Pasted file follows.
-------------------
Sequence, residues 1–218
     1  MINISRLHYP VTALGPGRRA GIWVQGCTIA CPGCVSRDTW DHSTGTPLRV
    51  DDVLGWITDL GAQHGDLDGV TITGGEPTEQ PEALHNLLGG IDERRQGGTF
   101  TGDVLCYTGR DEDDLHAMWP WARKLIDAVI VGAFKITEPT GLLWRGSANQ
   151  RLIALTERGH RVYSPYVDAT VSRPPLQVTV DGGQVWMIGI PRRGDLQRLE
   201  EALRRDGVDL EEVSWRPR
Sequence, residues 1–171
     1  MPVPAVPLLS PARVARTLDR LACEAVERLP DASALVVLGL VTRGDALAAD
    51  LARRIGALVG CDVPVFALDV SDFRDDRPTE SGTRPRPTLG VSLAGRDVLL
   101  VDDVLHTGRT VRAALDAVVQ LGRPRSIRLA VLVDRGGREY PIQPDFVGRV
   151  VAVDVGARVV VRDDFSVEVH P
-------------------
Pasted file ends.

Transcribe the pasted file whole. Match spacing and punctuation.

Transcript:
Sequence, residues 1–218
     1  MINISRLHYP VTALGPGRRA GIWVQGCTIA CPGCVSRDTW DHSTGTPLRV
    51  DDVLGWITDL GAQHGDLDGV TITGGEPTEQ PEALHNLLGG IDERRQGGTF
   101  TGDVLCYTGR DEDDLHAMWP WARKLIDAVI VGAFKITEPT GLLWRGSANQ
   151  RLIALTERGH RVYSPYVDAT VSRPPLQVTV DGGQVWMIGI PRRGDLQRLE
   201  EALRRDGVDL EEVSWRPR
Sequence, residues 1–171
     1  MPVPAVPLLS PARVARTLDR LACEAVERLP DASALVVLGL VTRGDALAAD
    51  LARRIGALVG CDVPVFALDV SDFRDDRPTE SGTRPRPTLG VSLAGRDVLL
   101  VDDVLHTGRT VRAALDAVVQ LGRPRSIRLA VLVDRGGREY PIQPDFVGRV
   151  VAVDVGARVV VRDDFSVEVH P